With all eyes on what may well be the most confusing and surreal government crisis ever seen in Italy, maybe you have missed the danger of the expanding network of Italian supremacists? Andrea Cavalleri, 22, was arrested recently as a member of a neo-Nazi cell which was using the web to recruit aspiring terrorists eager to kill Jews, black people and feminists to clean up society. A few papers referred to the news in passing, but not all of them. But along with a minor he had created a group in Telegram, Sole Nero (Black Sun), to recruit other young people to the supremacist cause. And he was hoping to become a Traini 2.0 (Luca Traini, who wounded six migrants in February 2018, by shooting from a moving car in Macerata). And yet Andrea Cavalleri doesn’t come from an underprivileged family: he studied at classical high school. He doesn’t have the kind of profile that those who aspire to martyrdom or holy war often have.
The investigators who stopped him in Savona are convinced that this investigation is shining a worrying light for the first time onto a new form of radical subversion in Italy
During the commemoration ceremony for Memorial Day, Liliana Segre said that after the pandemic, we will all be ready to look into each other’s eyes. A hope we share. But my fear is that the health emergency bubble we have been living in for nearly a year has hidden what is happening in the cracks of a society which is shattered as well as distanced.
With all eyes on what may be the most confusing and surreal government crisis ever seen, have you missed the danger of the growing network of supremacists? Apart from the Ligurean paper Il Secolo XIX, the arrest of Andrea Cavalleri has evoked little interest. And yet this network, which had even authored a document explaining how to organise paramilitary troops to restore social and political order, had several hundred followers and the document had been downloaded by 1800 people. The objective was not only to spread neo-Nazi propaganda but to purify society. The investigations started three years ago with a minor in Piedmont and now they will have to reconstruct the identities of all the nicknames of the followers in different regions in Italy.
The worrying thing is that although the first suspects have shown signs of borderline personalities, they all come from what we consider normal families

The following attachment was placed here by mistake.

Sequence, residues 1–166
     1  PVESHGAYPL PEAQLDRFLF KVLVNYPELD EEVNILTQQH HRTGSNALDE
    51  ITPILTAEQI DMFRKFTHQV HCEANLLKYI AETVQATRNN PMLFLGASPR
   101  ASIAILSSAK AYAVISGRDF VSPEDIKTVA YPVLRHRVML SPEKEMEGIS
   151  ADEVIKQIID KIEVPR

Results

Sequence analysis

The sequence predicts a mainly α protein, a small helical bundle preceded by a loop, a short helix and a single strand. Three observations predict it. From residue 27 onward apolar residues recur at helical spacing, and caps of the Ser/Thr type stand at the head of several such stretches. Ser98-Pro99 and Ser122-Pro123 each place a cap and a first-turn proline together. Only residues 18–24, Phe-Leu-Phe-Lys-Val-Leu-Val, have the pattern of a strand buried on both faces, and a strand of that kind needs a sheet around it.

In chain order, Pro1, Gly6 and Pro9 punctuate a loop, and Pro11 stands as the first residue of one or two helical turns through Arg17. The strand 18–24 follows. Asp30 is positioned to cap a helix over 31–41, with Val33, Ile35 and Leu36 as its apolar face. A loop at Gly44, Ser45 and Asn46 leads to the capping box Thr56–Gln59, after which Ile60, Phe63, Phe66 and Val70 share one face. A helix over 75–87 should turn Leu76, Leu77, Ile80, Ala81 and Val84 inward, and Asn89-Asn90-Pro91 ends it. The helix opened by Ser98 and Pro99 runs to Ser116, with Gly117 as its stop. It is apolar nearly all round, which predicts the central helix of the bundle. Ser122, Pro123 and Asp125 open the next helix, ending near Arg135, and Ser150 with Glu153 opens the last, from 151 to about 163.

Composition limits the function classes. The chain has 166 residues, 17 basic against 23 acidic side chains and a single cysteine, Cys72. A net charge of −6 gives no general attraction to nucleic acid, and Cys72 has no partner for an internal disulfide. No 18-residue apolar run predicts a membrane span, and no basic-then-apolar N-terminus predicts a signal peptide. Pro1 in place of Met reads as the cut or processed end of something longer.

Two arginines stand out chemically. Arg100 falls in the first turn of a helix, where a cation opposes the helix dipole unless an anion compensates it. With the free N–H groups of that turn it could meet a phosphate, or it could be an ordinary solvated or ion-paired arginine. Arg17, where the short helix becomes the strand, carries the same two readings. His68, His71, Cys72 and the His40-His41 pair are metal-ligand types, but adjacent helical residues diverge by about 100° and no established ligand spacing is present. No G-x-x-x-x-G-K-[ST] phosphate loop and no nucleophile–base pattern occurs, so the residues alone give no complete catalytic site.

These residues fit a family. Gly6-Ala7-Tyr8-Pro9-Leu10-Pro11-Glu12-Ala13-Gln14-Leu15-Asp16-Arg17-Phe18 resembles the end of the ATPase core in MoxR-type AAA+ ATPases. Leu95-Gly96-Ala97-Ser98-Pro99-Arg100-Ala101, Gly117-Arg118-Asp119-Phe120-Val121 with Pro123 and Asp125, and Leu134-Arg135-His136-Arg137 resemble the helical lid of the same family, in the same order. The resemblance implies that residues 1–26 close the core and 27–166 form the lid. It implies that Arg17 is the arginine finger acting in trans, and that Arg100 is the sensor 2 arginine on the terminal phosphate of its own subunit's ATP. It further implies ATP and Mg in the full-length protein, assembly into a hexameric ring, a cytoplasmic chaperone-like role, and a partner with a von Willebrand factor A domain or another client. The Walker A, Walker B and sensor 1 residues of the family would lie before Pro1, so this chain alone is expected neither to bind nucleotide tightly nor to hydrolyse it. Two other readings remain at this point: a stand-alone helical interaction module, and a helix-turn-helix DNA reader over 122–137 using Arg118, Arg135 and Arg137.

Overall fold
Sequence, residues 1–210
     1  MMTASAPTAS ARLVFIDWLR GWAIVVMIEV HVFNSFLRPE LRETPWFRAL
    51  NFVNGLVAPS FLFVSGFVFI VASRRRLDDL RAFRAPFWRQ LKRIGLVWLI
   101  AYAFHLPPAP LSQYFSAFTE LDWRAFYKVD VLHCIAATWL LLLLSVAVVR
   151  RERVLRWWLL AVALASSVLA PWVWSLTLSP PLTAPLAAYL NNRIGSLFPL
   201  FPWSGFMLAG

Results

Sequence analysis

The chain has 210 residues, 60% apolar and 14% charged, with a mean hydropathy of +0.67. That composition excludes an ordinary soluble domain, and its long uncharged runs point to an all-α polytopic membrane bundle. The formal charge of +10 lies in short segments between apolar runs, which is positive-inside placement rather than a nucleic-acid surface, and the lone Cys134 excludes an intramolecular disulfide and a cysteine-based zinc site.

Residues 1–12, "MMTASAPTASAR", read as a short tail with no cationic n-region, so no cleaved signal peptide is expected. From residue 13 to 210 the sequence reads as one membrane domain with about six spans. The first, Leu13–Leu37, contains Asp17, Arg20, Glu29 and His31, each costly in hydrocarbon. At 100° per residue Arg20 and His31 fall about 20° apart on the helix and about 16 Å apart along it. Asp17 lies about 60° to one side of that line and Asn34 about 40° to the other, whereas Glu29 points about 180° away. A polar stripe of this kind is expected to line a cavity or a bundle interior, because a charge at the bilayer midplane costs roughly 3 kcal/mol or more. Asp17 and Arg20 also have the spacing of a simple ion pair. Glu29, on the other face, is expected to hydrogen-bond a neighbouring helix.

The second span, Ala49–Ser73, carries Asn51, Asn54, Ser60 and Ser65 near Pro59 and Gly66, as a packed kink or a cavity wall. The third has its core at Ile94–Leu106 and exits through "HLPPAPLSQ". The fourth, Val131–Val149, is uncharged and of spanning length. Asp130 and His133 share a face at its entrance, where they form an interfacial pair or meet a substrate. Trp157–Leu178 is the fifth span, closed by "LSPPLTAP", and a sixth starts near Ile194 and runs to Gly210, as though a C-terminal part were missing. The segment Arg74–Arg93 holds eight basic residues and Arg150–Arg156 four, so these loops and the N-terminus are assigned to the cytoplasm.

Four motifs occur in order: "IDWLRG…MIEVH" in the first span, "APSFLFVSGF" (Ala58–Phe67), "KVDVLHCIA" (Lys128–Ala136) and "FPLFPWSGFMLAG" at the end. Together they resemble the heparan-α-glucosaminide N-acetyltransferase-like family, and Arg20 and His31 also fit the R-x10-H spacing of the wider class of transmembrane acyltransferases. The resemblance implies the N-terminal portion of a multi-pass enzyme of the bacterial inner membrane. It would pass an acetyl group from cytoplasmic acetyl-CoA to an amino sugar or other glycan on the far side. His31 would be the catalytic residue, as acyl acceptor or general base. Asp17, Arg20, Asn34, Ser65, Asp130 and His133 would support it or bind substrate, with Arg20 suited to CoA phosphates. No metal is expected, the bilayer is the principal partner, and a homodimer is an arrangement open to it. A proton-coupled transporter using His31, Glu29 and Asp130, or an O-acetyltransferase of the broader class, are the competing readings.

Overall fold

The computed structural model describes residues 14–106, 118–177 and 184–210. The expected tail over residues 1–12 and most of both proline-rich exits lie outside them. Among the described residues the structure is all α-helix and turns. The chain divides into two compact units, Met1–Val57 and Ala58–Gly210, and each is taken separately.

It is too soon to say how extensive this network is because they communicate in different chats, not all connected with each other, and most of them are very young, the majority are school or university students. What many people have missed in the midst of the news about the pandemic and the masochism of the political situation in Rome, is that Cavalleri is connected to Incel – involuntary celibates, misogynists who mostly target women and who have carried out several attacks. The Incel blame their failure in sexual relationships on what they consider to be the behaviour of women. Bo Guerreschi, the president of the nonprofit organisation bon’t worry, which defends victims of violence, had already submitted various reports three years ago to alert the public prosecutors to this misogynistic movement which is rapidly expanding in Europe and now in Italy too; although the first group to draw the attention of the prosecutors seems to be more focused on antisemitism, ranting about the destruction of multiethnic cities. The young man from Savona drew his inspiration from the US supremacist “AtomWaffen Division” group and the Waffen-SS Nazis. And he had even set up a questionnaire to choose the fighters. Among the objectives he talked about in the chat there were white supremacy terrorist actions like that of Anders Behring Breivik, who carried out the massacre on the island of Utoya in 2011. In the conversations, the investigators found examples of incitement to carry out extreme actions even at the sacrifice of his own life, encouraging school shootings. This dangerous type of subversion is so far not well known and is not the result of the frustration of a single person. It should be monitored carefully, because in the bubble created by the pandemic it is easy to fall prey to the sleep of reason.
So don’t let yourself be distracted by the souk in Rome. The danger of an expanding network of supremacists in Italy, which would have been unthinkable until a few years ago when we were talking about thuggery, a mixture of ignorance and frustration which used foreigners as scapegoats, may now become more organized and really dangerous.